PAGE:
According to Doc Rivers, this summer was transformational for DeAndre Jordan. The Los Angeles Clippers coach said that his center benefited from winning a gold medal with Team USA at the Olympics, and now Jordan understands how good he is in a way that he never did before.

From the Boston Globe’s Gary Washburn:

“He sees himself now as a star,” Rivers said. “As good as he is, I don’t think he’s ever seen himself as one. He’s always been the third guy so he’s looked at himself as a role player in some ways. Now he knows how good he is and I think any time you’re around winning, it’s important, and I think DJ now knows what winning looks like.
“Of all our guys, I think he’s the most important guy this summer for us.”

“Actually the international game is more physical at times; I knew he’d be dominant defensively and I knew he would fit that team,” Rivers said. “That team had a lot of guys that wanted to shoot, so you put the one guy that doesn’t really want to shoot with the four shooters. I think the change that [Mike Krzyzewski] made starting him was a big change.”

A few thoughts:

Rivers has been trying to build up Jordan’s confidence for the past three years. He challenged him to win Defensive Player of the Year and referred to Chris Paul, Blake Griffin and Jordan as a “big three” before coaching a single Clippers game. Under Rivers’ watch, Jordan’s minutes and productivity have dramatically increased. It sounds like he is trying to give the big man another boost here.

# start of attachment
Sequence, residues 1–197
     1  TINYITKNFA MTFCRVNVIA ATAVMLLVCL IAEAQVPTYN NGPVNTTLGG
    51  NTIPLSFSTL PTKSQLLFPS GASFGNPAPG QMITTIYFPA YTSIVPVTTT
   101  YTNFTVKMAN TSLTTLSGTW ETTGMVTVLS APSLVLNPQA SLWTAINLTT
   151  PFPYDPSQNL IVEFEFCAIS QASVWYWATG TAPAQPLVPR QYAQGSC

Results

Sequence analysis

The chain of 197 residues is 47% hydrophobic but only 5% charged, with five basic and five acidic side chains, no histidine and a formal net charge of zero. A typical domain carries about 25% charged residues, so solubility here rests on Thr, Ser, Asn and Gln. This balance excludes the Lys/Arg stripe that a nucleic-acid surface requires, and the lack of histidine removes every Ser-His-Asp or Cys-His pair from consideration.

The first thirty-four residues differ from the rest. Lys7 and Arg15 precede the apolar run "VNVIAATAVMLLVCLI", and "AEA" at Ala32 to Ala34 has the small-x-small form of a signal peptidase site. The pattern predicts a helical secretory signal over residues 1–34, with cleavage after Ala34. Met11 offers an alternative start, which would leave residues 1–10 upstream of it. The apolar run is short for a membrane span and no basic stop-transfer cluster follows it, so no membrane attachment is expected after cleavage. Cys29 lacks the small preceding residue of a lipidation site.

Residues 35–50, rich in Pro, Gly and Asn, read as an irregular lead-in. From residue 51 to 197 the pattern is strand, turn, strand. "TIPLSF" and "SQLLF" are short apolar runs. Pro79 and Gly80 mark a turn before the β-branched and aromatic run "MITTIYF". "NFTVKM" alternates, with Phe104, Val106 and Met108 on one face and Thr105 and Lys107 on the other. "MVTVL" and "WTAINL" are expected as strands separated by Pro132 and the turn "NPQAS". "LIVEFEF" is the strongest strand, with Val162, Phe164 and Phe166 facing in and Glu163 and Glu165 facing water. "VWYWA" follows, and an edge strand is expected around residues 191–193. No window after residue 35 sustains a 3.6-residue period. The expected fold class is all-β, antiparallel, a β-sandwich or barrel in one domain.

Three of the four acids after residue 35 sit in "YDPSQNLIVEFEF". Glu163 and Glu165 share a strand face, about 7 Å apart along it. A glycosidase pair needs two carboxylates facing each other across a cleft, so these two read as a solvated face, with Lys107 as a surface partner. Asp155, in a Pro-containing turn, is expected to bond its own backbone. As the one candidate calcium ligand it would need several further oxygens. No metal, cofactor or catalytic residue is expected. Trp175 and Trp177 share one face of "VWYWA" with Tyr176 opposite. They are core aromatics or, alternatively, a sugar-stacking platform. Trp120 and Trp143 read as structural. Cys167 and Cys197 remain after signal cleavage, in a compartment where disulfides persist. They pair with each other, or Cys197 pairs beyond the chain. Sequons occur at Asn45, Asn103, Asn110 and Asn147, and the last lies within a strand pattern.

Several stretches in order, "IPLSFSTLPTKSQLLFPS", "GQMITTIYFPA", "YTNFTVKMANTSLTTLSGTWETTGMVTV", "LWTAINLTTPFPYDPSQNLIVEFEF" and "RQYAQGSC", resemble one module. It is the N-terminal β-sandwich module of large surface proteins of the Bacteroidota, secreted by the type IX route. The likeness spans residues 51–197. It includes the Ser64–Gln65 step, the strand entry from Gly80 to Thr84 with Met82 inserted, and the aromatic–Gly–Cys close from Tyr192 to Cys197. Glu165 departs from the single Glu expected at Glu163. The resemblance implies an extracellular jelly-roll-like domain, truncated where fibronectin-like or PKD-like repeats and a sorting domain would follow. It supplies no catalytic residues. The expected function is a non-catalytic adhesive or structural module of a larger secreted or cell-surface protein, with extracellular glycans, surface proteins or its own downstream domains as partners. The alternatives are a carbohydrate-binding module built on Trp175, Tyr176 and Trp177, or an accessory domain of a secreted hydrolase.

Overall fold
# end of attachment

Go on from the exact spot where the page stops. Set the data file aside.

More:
If Jordan is indeed a star, he is not a traditional one. Jordan averaged just 6.6 field-goal attempts last season, and that was a career high. His usage rate was 15.4 percent, and it has never been higher than 15.9 percent in a single season. Jordan is involved in the offense, but it is often as a screen setter and a target for alley-oops, so he’s opening up the floor for his teammates rather than making things happen with the ball in his hands. He has become one of the best centers in the league by playing this role about as well as possible and improving his positional defense.

Last summer in free agency, the Dallas Mavericks sold Jordan on agreeing to a contract by telling him they’d use him like the star he was. They wanted to make him into the best center in the league and they argued that Los Angeles was not putting him in the position to do that. As you surely remember, Jordan went back on the deal and signed a maximum contract with the Clippers. Could he have declined to go to Dallas in part because he didn’t truly believe he was ready to be a franchise player? Shouldn’t the contract offers have indicated that the league considered him a star? It’s fascinating, and a little strange, to think that he needed the Olympics for his confidence.


Courtesy: CBS Sports


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